And to add insult to their unfairness the chemistry/physics/mathematics refuseniks want to deny third world a modest increase inemissions while industrializing. While granting ourselves virtually unlimited rights to emit from well below best-in-class cars and trucks, houses and factories, because we Australians are somehow ‘special’ or because 50 years ago we became so invested in coal that this should remain the way forever. Coal supporters would do well to look at the world maps of 100 & 200 years ago and ponder what it might look like in 50 years from now. Politically and topographically.

  • MoreBikesPlease

    My reading of the report says it’s not ALL wind & solar that will have to provide energy storage. Only those in areas where the level of dispatchable generation has dropped below a threshold, as determined by AEMO.

  • wideEyedPupil

    “When I was a Monash engineering graduate, I was part of the second group. My
    pathway to the future was not visible to me.

    In fact, throughout my entire career, I have never known my next step in advance.
    Instead, I have seen life as a series of doors and have strived to keep as many open
    as possible. And when opportunities came knocking, I jumped at them.

    This approach has enabled me to pivot from one opportunity to the next—from
    electrical engineer to neuroscientist, businessman to magazine publisher, university
    chancellor to Australia’s Chief Scientist.

    But l admit it. There has been no grand strategy. I have simply seen the light and
    walked through those doors of opportunity.”

    http://www.chiefscientist.gov.au/wp-content/uploads/Chief-Scientist-Monash-Graduation-Address-24-May-1.pdf

    Walking through the doors of opportunity, just like Malcolm Turnbull has.

    • MrMauricio

      ..until the last 2 years….Malcolm Turnbull has turned and walked backwards away from ANY doors of opportunity for the nation costing the nation DEARLY!!!

      • wideEyedPupil

        Perhaps forgetting the superannuation and gentlemens club respect an ex-PM from the right side of politics obtains.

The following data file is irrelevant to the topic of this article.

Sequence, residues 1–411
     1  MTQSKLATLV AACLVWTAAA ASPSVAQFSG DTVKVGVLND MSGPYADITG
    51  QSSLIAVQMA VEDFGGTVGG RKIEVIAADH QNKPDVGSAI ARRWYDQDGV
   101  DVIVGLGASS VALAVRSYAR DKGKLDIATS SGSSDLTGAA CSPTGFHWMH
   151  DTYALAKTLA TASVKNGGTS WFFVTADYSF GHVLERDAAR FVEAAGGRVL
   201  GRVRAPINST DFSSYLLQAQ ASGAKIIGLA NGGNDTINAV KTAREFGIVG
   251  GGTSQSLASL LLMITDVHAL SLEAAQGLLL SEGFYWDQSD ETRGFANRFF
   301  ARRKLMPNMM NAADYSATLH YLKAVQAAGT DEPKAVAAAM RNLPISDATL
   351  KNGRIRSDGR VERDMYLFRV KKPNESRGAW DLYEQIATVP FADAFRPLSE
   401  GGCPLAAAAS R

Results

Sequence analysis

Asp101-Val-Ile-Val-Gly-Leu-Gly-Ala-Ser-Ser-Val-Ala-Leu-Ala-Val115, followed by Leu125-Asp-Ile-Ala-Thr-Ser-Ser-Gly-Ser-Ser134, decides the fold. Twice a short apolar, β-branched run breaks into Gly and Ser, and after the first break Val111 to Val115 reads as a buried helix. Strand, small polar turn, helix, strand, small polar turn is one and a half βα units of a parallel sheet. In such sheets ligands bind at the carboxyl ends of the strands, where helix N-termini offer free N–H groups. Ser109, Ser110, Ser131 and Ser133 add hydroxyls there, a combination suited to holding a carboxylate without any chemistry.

• Ian

      Poor guy, corrupted by an evil cabal.

  • Robert Comerford

    All one has to do to interpret this report is to have watched Q&A last Monday.
    Tony Jones’ repeated attempt to get Finkel to label it as a carbon tax were met with a poker face. As soon as that is acknowledged the chance of getting ANY action out of the current govt is over.
    Don’t anybody think they are going to disappear easily when the next election comes around. CARBONTAX! will again be shouted from the rafters.
    Failure by those who should know to pull up the audience questions based on lies was cringeworthy as was the plant from the power station. Finkel should have pulled him into line immediately by pointing out that power workers transitions to new jobs was not part of his brief. They should be reminded that they have had high paying jobs, are well educated and have had plenty of time to retrain knowing this was inevitable. Why should they be treated any better than those who have the lowest paid jobs and are constantly having to find new work as technology and business viabilities change ?
    If they are going to get 3 or more years notice so should the cannery worker of farm labourer.

    • Rod

      Agreed, polluting should not be part of a job creation scheme.

      Re the Carbon Tax. If Labor has the cahoonies they just need a graphic. Electricity costs with the CT and electricity costs now.
      Hopefully enough voters have enough intelligence to realise they have been conned.

      • Joe

        …and show the path of emissions production with the “Fixed Price on Carbon” and now since the Abbott dumped it.

        • Rod

          Unfortunately most people are more concerned about their sheckles than emissions.
          Maybe publicise what a waste of taxpayer’s money Direct inaction is.

          • Joe

            …yes, $2Billions worth of “Direct Action” and our emissions are still going up and up and up. DA is taxpayers money paying polluters, now that is what I call a “Carbon Tax”. Bring back the former ETS !!

  • solarguy

    On storage: It all depends how much storage is slated as to how much it will cost for any given plant. Finkel on Q&A said, that not all solar or wind installations should have storage. Umm, he should have mentioned that in his paper!
    Anyway, I agree with Finkel that as coal plant is retired, that capacity must be replaced with renewables with storage that is dispatchable 24/7, because that will be needed. It’s basic common sense in regards to solar generation especially. Finkel also mentioned Biogas to be used as a back up on the show.

  • Ian

    $200 billion will be sent on solar and storage, that would keep an Aussie gigafactory or two or three supported with customers for many years.